lady Don't use to mean "woman."
last, past Use "last" to refer to something that won't happen again or hasn't recurred: I took the last train to Seattle that night. The last time I saw Mariah was in 2003. Use "past" to refer to something that might continue: He's gone to school here the past two years.
lay See lie, lay entry.
led Past tense of the verb "to lead."
legislative titles On first reference, use "Rep.," "Reps.," "Sen." and "Sens." before one or more names in regular text: Rep. Denny Rehberg, Sens. Max Baucus and John Tester, ASUM Sen. Jane Doe. Spell out and capitalize these titles before one or more names in direct quotations.
Spell out and lowercase "representative" and "senator" when they stand alone.
Add "state" or " U.S. " before a person's title only if necessary for clarity: U.S. Sen. Ted Kennedy spoke with state Sen. Jesse Laslovich.
Drop legislative titles on second reference except in direct quotations.
legislature Capitalize when preceded by a state's name or the word "state" when referring to a specific state's legislature: the Montana Legislature, state Legislature. Retain capitalization when the state's name is dropped but the reference to that state's legislature is clear: the Legislature.
less See fewer, less entry.
lie, lay "Lie" means recline and doesn't take a direct object: Right: I decided to lie down for a few hours. Wrong: He wanted to lay in the sun to get a tan. The present participle is "lying": I'm lying down. The past tense is "lay": I lay down for an hour yesterday afternoon. The past participle is "lain": I had lain down one minute before the phone rang.
"Lay" means put or place and requires a direct object: Lay the book (direct object) down here, please. The present participle is "laying": Stop laying the blame on me. The past tense is "laid": I laid the plastic sheet over the garden plot. The past participle also is "laid": He should have laid the wrench where he could find it later.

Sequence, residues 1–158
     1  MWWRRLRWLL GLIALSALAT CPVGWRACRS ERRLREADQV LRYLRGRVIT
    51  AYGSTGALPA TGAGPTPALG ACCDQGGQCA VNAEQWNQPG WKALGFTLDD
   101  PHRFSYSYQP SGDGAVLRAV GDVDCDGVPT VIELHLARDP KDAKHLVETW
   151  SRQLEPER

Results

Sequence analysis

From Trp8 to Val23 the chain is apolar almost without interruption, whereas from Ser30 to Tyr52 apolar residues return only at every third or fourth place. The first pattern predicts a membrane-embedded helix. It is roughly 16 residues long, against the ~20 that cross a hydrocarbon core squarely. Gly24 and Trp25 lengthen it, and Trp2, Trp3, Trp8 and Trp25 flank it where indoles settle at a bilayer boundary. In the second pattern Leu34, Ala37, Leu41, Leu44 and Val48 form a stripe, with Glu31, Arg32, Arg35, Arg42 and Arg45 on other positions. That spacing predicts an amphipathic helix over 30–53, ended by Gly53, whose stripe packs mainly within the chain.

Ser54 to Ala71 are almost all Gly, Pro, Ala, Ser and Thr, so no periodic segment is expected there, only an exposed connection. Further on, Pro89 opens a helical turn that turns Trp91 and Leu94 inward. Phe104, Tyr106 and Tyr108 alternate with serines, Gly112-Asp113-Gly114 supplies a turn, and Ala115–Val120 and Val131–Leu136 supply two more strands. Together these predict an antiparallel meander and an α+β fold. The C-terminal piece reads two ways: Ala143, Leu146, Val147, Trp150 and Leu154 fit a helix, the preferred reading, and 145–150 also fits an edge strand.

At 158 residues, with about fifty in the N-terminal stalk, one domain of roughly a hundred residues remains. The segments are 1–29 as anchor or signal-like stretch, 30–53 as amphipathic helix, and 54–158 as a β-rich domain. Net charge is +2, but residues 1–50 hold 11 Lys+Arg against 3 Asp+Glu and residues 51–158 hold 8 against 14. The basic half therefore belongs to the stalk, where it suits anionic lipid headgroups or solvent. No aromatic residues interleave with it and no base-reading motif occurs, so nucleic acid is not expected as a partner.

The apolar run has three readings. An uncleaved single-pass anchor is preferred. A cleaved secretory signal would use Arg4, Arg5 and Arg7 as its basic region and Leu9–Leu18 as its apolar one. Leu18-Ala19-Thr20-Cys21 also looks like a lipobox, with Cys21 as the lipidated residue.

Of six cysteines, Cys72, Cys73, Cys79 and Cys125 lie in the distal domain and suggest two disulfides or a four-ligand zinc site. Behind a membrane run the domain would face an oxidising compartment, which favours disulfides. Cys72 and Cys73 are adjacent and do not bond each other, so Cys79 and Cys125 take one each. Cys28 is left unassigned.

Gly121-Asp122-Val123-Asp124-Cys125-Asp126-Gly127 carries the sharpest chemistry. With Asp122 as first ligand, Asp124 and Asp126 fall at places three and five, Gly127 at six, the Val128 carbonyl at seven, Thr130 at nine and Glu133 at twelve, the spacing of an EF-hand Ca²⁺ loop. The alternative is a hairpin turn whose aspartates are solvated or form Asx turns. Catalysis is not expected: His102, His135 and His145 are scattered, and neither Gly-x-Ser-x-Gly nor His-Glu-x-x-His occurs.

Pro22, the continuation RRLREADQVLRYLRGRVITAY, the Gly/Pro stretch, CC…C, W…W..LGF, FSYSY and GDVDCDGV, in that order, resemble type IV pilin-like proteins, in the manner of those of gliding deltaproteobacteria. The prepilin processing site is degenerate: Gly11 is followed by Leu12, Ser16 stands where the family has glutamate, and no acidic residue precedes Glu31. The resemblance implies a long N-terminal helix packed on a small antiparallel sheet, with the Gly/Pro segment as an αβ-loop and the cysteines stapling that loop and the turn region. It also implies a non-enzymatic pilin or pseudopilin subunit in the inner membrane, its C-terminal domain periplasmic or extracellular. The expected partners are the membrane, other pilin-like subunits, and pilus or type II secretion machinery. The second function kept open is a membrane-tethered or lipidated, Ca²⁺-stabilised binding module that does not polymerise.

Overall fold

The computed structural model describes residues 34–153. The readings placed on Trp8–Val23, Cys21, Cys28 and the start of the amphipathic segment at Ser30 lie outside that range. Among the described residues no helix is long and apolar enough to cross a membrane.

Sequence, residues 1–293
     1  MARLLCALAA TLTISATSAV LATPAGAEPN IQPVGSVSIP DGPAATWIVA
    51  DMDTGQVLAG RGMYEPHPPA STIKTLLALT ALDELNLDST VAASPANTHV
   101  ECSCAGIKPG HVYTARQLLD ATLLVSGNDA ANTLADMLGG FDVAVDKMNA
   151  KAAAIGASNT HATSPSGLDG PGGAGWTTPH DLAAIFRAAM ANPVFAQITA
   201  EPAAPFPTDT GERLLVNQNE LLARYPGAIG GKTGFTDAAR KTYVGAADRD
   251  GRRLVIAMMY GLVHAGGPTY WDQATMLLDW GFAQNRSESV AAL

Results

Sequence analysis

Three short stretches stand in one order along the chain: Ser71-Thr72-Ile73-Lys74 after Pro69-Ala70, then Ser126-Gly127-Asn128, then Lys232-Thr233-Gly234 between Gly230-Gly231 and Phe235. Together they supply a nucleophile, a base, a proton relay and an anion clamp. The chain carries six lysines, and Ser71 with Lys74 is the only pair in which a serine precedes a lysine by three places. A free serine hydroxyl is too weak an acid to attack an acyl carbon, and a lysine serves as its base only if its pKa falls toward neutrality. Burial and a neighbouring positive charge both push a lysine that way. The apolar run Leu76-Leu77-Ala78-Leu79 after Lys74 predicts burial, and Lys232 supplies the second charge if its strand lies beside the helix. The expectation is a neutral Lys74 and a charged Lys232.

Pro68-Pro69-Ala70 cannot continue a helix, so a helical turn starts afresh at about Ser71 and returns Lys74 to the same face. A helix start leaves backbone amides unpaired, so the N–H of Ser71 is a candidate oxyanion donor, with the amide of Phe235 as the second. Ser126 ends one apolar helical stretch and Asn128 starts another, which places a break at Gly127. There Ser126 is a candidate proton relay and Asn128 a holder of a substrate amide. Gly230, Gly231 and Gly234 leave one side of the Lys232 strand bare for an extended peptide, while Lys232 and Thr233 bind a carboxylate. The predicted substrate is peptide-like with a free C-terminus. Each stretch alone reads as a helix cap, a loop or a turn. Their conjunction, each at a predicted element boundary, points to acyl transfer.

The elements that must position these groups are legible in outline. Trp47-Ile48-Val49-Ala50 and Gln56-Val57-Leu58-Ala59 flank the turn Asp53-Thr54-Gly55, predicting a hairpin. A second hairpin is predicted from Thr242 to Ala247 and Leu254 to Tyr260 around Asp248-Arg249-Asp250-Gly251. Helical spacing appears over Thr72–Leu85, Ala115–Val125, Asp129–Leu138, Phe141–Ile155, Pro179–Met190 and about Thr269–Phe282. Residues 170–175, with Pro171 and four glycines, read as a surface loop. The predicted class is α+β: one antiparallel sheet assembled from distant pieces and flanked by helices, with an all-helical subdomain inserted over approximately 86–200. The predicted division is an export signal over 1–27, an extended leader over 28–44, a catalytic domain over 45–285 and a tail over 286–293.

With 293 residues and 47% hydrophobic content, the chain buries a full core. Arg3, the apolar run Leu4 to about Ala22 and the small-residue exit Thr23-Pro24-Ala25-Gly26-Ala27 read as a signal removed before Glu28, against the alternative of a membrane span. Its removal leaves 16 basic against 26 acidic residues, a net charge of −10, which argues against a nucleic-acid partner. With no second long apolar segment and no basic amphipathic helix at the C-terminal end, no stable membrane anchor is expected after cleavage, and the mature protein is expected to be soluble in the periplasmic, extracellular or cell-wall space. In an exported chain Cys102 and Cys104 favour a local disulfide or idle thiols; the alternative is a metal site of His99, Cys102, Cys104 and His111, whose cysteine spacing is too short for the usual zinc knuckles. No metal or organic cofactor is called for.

like- Use a hyphen when the word is used as a prefix meaning similar to: like-minded, like-natured. No hyphen with words that have their own meaning: likewise, likelihood.
-like No hyphen except to avoid a triple "l": shell-like.
Lommasson Center Acceptable on first reference for the Emma B. Lommasson Center.
-long Examples: daylong, hourlong, weeklong, yearlong.
lowercase The absence of capital (uppercase) letters.
Lubrecht Experimental Forest UM's 28,000 acre outdoor classroom and laboratory located 30 miles northeast of Missoula in the Blackfoot River drainage. The Montana Forest and Conservation Experiment Station of UM owns and operates 21,000 acres of the forest. The remainder is under the jurisdiction of the Montana Department of Natural Resources and Conservation and is managed cooperatively with the experiment station.
Appendix A: Punctuation
Appendix B: Ways to Avoid Sexist Language
Appendix C: Building Names: UM and Missoula College (formerly College of Technology)